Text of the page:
I am participating in National Blog Posting Month November 2011 hosting by the BlogHer website.
So far I have been able to think of something to write about every day.
Today I have decided to use the Wednesday, November 16, writing prompt: "What is the moment that you leave childhood and enter adulthood?" (Guest Post by Catherine Gildiner, author of After the Falls)
I'm not sure that there was a moment. I think the process was so gradual that it was almost imperceptible.
I felt very grown up driving my father's big Buick for the first time, I could barely see ove the steering wheel and my feet just about reached the gas and brake pedals.
When I walked across the stage to receive my high school diploma, I felt that I was entering a new phase of my life. Anyway, I think that's the message the commencement speaker was attempting to relay to me and my fellow graduates.
I started my first job right out of high school. I worked with people of all different ages and backgrounds. I felt that I was their equal. It was the first time I called an older person by their first name instead of Mr. or Mrs. I had my own car, I was earning a paycheck and I was helping with the family expenses. Just another small step in the process of becoming an adult.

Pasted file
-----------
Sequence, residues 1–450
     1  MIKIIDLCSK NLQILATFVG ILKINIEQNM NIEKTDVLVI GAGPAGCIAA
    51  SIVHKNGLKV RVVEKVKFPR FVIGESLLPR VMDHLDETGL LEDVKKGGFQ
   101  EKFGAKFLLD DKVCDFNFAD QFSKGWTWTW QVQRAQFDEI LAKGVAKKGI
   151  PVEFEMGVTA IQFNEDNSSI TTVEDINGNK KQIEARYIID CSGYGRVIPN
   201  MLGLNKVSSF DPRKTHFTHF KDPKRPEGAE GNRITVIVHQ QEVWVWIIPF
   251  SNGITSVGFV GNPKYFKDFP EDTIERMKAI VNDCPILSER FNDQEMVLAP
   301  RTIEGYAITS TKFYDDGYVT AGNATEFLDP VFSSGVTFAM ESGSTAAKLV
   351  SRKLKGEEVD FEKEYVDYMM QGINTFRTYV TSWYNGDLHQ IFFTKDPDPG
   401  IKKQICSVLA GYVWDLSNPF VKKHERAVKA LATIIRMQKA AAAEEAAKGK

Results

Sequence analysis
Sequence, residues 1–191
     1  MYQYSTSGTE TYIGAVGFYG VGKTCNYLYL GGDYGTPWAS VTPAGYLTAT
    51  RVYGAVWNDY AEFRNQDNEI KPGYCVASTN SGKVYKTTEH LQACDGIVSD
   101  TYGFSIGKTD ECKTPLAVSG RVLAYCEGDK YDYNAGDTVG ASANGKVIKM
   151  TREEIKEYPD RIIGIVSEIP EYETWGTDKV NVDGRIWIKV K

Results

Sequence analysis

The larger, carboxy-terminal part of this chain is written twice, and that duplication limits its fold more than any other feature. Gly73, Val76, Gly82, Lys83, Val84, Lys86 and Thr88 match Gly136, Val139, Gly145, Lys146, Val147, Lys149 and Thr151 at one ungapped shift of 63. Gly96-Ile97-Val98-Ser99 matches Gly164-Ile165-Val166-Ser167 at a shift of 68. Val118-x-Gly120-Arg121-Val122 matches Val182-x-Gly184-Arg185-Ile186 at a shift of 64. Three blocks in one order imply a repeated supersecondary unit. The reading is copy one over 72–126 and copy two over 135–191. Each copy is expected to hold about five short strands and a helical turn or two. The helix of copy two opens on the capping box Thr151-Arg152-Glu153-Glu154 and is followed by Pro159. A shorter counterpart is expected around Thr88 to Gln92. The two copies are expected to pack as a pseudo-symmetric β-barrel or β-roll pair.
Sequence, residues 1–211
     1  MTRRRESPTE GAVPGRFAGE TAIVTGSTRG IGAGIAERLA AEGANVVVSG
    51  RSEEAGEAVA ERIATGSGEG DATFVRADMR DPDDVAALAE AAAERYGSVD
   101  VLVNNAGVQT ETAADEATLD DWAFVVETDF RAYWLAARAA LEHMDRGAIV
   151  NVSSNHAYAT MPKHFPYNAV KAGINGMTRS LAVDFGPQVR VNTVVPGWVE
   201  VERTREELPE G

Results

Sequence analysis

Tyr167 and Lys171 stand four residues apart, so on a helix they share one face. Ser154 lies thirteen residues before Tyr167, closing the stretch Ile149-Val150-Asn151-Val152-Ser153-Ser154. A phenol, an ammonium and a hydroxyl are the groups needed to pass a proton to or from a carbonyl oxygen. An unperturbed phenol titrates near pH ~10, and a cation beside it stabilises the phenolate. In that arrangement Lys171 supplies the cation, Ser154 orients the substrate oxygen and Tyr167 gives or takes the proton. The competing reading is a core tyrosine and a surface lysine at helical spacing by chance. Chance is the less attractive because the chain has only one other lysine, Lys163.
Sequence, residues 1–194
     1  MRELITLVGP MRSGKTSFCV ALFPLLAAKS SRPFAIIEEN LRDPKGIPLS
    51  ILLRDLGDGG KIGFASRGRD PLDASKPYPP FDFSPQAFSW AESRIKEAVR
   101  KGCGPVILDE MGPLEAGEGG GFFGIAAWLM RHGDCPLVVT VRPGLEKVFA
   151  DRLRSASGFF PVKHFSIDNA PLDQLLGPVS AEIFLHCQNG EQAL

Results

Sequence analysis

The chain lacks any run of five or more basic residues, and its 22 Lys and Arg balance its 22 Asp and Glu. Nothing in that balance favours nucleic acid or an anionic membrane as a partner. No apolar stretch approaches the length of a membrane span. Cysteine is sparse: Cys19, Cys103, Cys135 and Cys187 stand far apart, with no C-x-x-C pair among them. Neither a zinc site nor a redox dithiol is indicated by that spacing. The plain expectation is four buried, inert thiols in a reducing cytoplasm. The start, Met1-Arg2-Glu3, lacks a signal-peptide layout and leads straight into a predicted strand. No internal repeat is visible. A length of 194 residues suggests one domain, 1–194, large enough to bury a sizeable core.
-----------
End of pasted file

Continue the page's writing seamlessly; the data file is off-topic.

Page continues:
Perhaps it was when my grandmother, who was one of the most treasured people in my life, passed away.
I was 18 years old. I was too upset to go to the funeral or wake. I remember my uncle lecturing me about how Grandma would have wanted me to be there. But I knew I didn't have to prove anything to her. Her love for me was unconditional. I always knew and understood that. But I know a part of my childhood died along with her.
Just before my father and I started down the aisle on my wedding day, he leaned over to me and asked if I was ok. I remember looking back at my Mom and Dad, as I drove away with my new husband. Surely, symbolically, that must have been the moment.
But I think I can honestly stay I took the final step when I gave birth for the first time. As I held my sweet little girl in my arms, I felt an overwhelming sense of proctectiveness towards this brand new life.
Yes, if I could or had to pick one moment, it would have to be that moment.
When I see my one year old grandson point up to the sky as he spots a flock of geese, or when my seven year old grand daughter reminds her mother that she has to make sure Santa gets her letter, I am reminded of the wonderment of childhood, and that is something that should never be forgotten.
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